We can analytically perform one of the integrations of the binaveraged trispectrum in Eq. (15). First, note that it only depends on the parallelogram configuration of the convergence trispectrum, i.e., setting
,
and
in Eq. (11).
Also, if we choose an appropriate coordinate system for the integration
over the wavevectors, the problem becomes symmetric under rotations
and we can parametrize the convergence trispectrum by the length of the
two sides of the parallelogram
and
and the angle between them,
.
Hence, we define
Making use of the symmetry properties of this problem, one angular integration becomes trivial and the integration in Eq. (15) simplifies to
If the binwidth is sufficiently small ( ), the integration area is , and we can make use of the mean value theorem. In this way, we approximate the integral in Eq. (17) by an angular average
Note that if is independent of the angle between and , an approximation of the covariance can be calculated without having to perform an integration at all. In particular, this is the case for the 1halo term of the threedimensional matter trispectrum, as we will see later in Eq. (42).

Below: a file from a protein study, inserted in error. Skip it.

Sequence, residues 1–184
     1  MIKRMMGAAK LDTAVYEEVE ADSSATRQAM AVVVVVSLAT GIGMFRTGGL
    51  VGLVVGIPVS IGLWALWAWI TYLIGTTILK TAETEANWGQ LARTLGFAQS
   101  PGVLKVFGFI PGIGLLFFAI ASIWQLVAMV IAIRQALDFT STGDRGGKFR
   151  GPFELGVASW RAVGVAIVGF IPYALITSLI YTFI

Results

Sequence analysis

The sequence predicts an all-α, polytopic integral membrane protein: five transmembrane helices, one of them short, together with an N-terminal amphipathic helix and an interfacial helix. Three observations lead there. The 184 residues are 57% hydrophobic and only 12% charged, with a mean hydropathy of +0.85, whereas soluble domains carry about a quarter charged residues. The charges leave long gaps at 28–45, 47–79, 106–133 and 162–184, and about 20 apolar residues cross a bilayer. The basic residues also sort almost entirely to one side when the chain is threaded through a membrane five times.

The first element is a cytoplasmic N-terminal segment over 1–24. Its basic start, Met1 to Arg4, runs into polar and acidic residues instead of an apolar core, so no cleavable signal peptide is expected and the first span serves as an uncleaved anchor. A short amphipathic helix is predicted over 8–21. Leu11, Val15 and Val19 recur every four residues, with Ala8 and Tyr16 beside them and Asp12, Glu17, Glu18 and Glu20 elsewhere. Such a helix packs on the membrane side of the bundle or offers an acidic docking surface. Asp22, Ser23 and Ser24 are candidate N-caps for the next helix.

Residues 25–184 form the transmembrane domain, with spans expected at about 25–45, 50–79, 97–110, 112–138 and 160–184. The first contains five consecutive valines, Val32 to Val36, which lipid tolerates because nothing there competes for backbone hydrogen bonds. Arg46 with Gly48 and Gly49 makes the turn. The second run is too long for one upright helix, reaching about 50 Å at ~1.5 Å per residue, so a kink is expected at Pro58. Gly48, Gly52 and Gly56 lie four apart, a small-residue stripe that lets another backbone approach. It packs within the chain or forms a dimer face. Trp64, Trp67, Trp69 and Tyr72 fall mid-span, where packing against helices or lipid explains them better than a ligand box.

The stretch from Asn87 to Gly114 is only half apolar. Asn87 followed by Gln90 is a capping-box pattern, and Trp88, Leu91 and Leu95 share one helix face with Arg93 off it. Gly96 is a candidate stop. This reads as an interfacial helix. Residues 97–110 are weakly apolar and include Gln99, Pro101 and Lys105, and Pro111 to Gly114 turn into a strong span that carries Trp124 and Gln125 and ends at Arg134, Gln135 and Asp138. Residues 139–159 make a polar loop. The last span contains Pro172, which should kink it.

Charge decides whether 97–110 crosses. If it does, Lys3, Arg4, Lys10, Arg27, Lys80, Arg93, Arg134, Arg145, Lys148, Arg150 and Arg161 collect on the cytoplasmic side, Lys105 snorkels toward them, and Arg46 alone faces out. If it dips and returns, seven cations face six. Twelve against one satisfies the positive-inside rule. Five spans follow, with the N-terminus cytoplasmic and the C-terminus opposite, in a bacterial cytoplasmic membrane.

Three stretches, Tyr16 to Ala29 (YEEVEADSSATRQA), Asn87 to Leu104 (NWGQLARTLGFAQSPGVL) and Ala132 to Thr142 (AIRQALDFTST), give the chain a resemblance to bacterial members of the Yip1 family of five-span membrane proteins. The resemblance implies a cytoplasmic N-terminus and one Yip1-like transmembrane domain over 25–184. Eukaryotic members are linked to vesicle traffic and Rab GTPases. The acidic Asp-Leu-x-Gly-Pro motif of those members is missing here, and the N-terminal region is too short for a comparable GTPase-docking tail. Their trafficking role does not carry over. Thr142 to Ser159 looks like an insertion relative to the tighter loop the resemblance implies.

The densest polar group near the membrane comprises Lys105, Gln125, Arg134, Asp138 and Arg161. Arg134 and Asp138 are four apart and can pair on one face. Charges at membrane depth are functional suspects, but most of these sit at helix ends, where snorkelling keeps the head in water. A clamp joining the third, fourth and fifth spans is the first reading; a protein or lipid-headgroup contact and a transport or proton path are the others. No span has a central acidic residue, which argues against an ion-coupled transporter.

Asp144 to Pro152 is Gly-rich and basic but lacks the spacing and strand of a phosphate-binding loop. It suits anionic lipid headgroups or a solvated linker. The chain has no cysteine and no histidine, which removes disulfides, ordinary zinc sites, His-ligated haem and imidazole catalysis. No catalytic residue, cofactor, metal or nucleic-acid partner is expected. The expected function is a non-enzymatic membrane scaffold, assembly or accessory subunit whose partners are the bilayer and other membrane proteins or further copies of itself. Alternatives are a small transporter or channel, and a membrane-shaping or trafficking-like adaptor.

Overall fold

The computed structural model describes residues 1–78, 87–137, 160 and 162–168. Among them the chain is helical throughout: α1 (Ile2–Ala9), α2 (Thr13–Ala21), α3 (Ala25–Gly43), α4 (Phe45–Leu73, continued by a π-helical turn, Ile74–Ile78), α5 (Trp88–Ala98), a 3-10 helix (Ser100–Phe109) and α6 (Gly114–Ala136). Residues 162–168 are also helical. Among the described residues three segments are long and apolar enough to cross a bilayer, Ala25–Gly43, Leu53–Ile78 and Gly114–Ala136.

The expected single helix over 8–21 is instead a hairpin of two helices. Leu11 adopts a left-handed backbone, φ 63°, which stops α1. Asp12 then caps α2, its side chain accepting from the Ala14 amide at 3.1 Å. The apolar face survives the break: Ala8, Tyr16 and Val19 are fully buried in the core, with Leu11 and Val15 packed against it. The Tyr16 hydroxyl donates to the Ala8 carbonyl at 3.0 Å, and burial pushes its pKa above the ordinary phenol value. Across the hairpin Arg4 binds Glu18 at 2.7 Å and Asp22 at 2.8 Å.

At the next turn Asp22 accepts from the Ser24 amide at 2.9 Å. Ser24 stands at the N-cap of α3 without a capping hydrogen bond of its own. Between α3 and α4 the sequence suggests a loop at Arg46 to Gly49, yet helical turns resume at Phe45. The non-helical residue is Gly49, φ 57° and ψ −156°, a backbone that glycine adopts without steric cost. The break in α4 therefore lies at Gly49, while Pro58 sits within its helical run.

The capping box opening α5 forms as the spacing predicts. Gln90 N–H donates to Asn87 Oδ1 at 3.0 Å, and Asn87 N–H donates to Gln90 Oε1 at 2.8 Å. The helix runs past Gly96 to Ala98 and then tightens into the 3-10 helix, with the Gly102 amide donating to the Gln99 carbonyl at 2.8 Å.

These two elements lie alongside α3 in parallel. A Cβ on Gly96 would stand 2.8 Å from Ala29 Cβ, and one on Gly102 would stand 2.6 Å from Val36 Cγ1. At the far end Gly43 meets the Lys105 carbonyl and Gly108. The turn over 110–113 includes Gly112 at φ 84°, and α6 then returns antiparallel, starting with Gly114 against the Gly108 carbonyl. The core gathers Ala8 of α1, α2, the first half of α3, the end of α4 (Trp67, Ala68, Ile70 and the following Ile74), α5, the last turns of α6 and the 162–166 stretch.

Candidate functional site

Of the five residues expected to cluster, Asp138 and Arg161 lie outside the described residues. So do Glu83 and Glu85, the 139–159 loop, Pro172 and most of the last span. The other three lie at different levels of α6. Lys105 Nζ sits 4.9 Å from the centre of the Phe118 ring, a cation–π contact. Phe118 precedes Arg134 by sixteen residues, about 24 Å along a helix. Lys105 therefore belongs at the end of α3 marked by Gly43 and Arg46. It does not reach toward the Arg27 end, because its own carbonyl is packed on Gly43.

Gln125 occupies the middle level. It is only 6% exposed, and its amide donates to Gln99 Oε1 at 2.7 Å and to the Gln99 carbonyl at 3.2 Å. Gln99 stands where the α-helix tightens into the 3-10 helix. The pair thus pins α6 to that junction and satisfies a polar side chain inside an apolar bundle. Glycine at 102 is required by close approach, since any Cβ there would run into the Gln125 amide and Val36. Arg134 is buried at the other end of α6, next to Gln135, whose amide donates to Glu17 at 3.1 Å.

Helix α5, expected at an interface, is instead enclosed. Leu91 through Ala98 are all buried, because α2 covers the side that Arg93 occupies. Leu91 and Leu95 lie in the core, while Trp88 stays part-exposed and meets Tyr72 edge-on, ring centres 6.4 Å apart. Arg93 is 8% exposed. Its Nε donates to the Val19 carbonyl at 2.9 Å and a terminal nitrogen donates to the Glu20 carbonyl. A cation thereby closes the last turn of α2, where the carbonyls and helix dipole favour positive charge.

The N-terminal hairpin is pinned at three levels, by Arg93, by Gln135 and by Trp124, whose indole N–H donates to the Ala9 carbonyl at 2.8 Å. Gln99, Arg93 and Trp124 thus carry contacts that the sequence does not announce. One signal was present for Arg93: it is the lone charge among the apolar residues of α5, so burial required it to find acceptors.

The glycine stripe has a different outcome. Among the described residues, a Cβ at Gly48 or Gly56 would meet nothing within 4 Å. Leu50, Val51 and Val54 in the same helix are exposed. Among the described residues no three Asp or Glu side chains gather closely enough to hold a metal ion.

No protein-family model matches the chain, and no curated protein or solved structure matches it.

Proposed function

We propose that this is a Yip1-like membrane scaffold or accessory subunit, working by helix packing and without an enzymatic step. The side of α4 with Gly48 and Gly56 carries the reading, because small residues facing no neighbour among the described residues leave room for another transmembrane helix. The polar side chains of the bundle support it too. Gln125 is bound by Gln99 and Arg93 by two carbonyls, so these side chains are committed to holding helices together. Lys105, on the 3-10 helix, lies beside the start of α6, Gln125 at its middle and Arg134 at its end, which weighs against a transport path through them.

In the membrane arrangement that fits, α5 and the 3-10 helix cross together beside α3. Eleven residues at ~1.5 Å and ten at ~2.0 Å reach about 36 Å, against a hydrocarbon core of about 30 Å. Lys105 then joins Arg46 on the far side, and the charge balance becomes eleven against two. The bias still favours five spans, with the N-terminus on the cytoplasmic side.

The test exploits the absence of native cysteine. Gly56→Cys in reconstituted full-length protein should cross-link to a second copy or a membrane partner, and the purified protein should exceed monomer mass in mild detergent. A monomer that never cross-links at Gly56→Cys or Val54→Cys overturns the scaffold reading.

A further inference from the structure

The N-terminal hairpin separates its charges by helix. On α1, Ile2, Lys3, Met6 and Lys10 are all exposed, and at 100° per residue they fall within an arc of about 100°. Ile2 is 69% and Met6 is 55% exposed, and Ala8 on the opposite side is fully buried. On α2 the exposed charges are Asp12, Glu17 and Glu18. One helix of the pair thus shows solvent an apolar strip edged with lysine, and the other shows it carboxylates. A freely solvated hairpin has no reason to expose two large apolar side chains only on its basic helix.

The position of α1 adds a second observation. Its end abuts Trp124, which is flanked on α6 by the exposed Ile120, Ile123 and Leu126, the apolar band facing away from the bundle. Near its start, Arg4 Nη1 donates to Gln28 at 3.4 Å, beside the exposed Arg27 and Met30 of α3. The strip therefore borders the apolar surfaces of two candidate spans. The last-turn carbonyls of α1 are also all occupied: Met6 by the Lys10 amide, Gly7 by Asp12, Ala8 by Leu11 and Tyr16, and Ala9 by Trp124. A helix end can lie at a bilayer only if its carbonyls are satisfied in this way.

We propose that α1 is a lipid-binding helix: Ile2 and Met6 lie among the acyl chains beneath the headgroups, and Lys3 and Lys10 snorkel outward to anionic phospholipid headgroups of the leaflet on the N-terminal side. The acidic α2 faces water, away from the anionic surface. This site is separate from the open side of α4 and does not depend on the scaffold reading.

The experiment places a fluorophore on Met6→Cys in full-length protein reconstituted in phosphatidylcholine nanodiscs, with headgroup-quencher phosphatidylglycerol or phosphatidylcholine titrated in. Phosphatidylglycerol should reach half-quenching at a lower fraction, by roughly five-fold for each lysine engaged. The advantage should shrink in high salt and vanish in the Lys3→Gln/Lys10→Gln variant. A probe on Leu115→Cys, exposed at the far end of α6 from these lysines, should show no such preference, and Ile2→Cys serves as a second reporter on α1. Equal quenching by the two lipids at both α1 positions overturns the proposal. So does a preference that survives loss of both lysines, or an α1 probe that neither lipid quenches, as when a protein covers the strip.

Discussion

4 Halo model
We have seen that the covariance of the dimensionless convergence power spectrum estimator consists of two terms: a Gaussian part, which is proportional to the dimensionless convergence power spectrum squared and a nonGaussian part, which is the binaveraged dimensionless convergence trispectrum (see Eq. (14)). We will compute these terms using the halo model approach (Peacock & Smith 2000; Scoccimarro et al. 2001; Ma & Fry 2000; Seljak 2000; see also the comprehensive review by Cooray & Sheth 2002).
4.1 Overview
With the assumption that all dark matter is bound in sphericallysymmetric, virialized halos, the halo model provides a way to calculate the threedimensional polyspectra of dark matter in the nonlinear regime. In Sect. 4.5 below, we summarize the equations one obtains for the dark matter power spectrum and trispectrum.
In the halo model description, the density field at an arbitrary position
in space is given as a superposition of all N halo density profiles such that